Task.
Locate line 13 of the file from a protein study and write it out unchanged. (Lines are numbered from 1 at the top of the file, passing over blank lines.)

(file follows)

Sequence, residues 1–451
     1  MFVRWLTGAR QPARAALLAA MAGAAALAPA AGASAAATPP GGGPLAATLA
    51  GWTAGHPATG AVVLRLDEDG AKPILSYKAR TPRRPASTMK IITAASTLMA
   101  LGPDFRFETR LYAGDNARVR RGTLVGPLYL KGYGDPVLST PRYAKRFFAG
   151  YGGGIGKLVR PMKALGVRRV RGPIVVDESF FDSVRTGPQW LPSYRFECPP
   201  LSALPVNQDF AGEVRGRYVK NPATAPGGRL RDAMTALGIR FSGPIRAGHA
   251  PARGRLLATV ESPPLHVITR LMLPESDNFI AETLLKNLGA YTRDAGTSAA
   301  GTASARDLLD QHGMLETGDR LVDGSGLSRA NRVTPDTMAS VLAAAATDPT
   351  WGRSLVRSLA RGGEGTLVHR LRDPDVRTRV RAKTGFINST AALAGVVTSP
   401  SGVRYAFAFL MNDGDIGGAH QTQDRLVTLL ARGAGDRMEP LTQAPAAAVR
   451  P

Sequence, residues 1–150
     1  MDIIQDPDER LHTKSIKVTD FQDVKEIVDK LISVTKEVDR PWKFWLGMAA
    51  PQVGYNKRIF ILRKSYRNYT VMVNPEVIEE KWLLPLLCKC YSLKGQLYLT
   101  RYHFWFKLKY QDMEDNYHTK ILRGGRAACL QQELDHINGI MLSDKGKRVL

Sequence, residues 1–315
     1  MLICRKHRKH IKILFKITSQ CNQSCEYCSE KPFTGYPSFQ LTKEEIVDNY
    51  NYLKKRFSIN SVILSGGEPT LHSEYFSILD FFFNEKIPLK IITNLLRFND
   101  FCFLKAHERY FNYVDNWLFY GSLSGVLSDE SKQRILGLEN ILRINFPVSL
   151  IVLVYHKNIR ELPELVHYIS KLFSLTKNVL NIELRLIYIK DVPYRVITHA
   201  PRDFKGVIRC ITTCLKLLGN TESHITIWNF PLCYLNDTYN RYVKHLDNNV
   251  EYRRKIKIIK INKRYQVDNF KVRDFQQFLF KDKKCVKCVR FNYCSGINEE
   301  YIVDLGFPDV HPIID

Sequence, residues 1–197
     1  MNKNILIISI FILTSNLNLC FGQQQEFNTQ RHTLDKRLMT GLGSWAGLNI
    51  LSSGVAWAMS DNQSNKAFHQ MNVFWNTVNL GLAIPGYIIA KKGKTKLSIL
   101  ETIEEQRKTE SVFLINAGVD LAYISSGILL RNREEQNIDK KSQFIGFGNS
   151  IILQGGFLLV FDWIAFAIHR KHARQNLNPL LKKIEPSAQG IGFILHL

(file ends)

     1  MDIIQDPDER LHTKSIKVTD FQDVKEIVDK LISVTKEVDR PWKFWLGMAA